May 27, 2008 9 Comments
In a recent post, I suggested that the semantic web might hold a solution for managing noise in social media. The semantic web can auto-generate tags for content, and these tags can be used to filter out subjects you don’t want to see.
As a follow-up, I wanted to see how four different services perform in terms of recommending tags for different content.
I’ve looked at the four services, each of which provide tag recommendations. Here they are, along with some information about how they approach their tag recommendations:
- del.icio.us: Popular tags are what other people have tagged this page as, and recommended tags are a combination of tags you have already used and tags that other people have used.
- Twine: Applies natural language processing and semantic indexing to just that data (via TechCrunch)
- Diigo: We’ll automatically analyze the page content and recommend suitable tags for you
- Faviki: Allows you to tag webpages you want to remember with Wikipedia terms.
Twine and Diigo take the initiaitve, and apply tags based on analyzing the content. del.icio.us and Faviki follow a crowdsourced approach, leveraging the previous tag work of members to provide recommendations.
Note that Faviki just opened its public beta. So it suffers from a lack of activity around content thus far. That will be noticed in the following analysis.
I ran the six articles through the four tagging services:
- The Guessing Game Has Begun on the Next iPhone – New York Times
- TiVo: The Gossip Girl of DVRs – Robert Seidman’s ‘TV by the Numbers’ blog
- Twitter! – TechCrunch
- Injury ‘bombshell’ hits Radcliffe – BBC Sport
- Why FriendFeed Is Disruptive: There’s Only 24 Hours in a Day – this blog
- Antioxidant Users Don’t Live Longer, Analysis Of Studies Concludes – Science Daily
The tag recommendations are below. Headline on the results? Recommendations appear to be a work in progress.
First, the New York Times iPhone article. Twine wins. Handily. At Diigo gave it a shot, but the nytimes tags really miss the mark. del.icio.us and Faviki weren’t even in the game.
Next, Robert Seidman’s post about Tivo. Twine comes up with several good tags. Diigo has something relevant. And again, del.icio.us and Faviki weren’t even in the game.
Now we get to the trick article, Michael Arrington’s no text blog entry Twitter! The table turn here. Twine comes up empty for the post. Based on the post’s presence on Techmeme and the 400+ comments on the blog post, a lot of people apparently bookmarked this post. This gives del.icio.us and Faviki something to work with, as seen below. And Diigo offers the single tag of…twitter!
Switching gears, this is a running-related article covering one of the top athletes in the world, Paula Radcliffe. Twine comes up the best here. Diigo manages “bombshell”…nice. del.icio.us and Faviki come up empty, presumably because no users bookmarked this article. And none of them could come up with tags of “running” or “marathon”.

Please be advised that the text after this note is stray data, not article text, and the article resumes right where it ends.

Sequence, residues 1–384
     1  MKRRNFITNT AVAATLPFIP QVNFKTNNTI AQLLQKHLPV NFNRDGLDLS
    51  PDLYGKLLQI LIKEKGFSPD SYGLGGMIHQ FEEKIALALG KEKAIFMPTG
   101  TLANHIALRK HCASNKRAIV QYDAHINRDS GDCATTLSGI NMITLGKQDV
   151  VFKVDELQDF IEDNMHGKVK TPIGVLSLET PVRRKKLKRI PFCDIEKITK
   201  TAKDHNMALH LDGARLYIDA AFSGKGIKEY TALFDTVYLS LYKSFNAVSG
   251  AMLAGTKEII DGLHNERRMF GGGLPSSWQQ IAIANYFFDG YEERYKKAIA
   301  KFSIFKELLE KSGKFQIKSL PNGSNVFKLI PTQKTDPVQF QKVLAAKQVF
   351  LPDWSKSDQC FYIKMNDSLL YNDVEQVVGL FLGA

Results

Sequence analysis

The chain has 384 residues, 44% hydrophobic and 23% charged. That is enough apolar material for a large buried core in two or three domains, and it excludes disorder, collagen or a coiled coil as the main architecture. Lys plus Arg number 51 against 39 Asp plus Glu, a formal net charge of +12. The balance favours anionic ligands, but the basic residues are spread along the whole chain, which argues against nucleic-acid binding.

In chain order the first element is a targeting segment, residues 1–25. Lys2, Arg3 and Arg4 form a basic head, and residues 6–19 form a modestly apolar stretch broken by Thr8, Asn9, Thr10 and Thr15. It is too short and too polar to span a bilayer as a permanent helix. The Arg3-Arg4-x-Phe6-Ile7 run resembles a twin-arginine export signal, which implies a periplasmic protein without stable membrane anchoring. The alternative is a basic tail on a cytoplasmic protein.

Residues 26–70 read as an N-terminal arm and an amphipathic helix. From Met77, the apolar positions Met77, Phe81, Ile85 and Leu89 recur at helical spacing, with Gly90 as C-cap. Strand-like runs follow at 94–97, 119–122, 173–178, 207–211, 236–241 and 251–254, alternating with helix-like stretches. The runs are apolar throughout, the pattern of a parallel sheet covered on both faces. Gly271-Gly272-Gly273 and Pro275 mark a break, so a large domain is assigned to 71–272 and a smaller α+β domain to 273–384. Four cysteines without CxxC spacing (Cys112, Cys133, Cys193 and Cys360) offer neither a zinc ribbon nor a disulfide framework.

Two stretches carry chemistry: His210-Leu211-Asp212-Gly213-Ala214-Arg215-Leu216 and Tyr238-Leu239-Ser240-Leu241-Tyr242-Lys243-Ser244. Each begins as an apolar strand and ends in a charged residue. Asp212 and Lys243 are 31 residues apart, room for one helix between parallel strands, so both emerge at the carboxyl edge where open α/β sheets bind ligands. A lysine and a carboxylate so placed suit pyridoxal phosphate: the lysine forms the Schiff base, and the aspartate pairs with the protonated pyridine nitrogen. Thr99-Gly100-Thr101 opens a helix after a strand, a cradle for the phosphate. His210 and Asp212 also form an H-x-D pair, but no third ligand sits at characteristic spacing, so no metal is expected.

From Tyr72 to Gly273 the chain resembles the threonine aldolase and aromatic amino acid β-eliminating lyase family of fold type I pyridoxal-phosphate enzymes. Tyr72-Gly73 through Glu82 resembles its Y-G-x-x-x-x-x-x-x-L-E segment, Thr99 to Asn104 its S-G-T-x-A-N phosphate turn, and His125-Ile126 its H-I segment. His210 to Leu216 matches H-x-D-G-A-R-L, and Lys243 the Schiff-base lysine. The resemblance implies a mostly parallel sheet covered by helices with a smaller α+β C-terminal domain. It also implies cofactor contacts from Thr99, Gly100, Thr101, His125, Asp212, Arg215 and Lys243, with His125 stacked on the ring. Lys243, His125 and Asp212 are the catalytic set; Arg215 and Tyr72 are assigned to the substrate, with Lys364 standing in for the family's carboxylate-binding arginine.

I figured I’d run one of my own blog posts through this test. The post has been saved to del.icio.us a few times, so I figured there’d be something to work with there. Strangely, Twine comes up empty. Faviki…nuthin’.
Finally, I threw some science at the services. This article says that antioxidants don’t actually deliver what is promised. Twine comes up with a lot of tags, but misses the word “antioxidants”. Diigo only gets antioxidant. And someone must have bookmarked the article on del.icio.us, because it has a tag. Faviki…nada.
Twine clearly has the most advanced tag recommendation engine. It generates a bevy of tags. One thing I noticed between Twine and Diigo:
- Twine most often draws tags from the content
- Diigo more often draws tags from the title
Obviously my sample size isn’t statistically relevant, but I see that pattern in the above results.
The other thing to note is that these services do a really great job with auto-generating tags. For instance, the antioxidant article has 685 words. Both Twine and Diigo were able to come up with only what’s relevant out of all those words.
With del.icio.us and Faviki, if someone else hasn’t previously tagged the content, they don’t generate tags. Crowdsourced tagging – free form on del.icio.us, structured per Wikipedia on Faviki – still has a lot of value though. Nothing like human eyes assessing what an article is about. Faviki will get better with time and activity.
Note that both Twine and Diigo allow manually entered tags as well, getting the best of both auto-generated and human-generated.
When it comes to using tags as a way to filter noise in social media, both system- and human-generated tags will be needed.
- System-generated tags ensures some level of tagging for most new content. This is important in an app like FriendFeed, where new content is constantly streaming in.
- Human-generated tags pick up where the system leaves off. In the Paula Radcliffe example above, I’d expect people to use common sense tags like “running” and “marathon”.
The results of this simple test show the promise of tagging, and where the work lies ahead to create a robust semantic tagging system that could be used for noise control.
See this item on FriendFeed: http://friendfeed.com/search?q=%22Tag+Recommendations+for+Content%3A+Ready+to+Filter+Noise%3F%22&public=1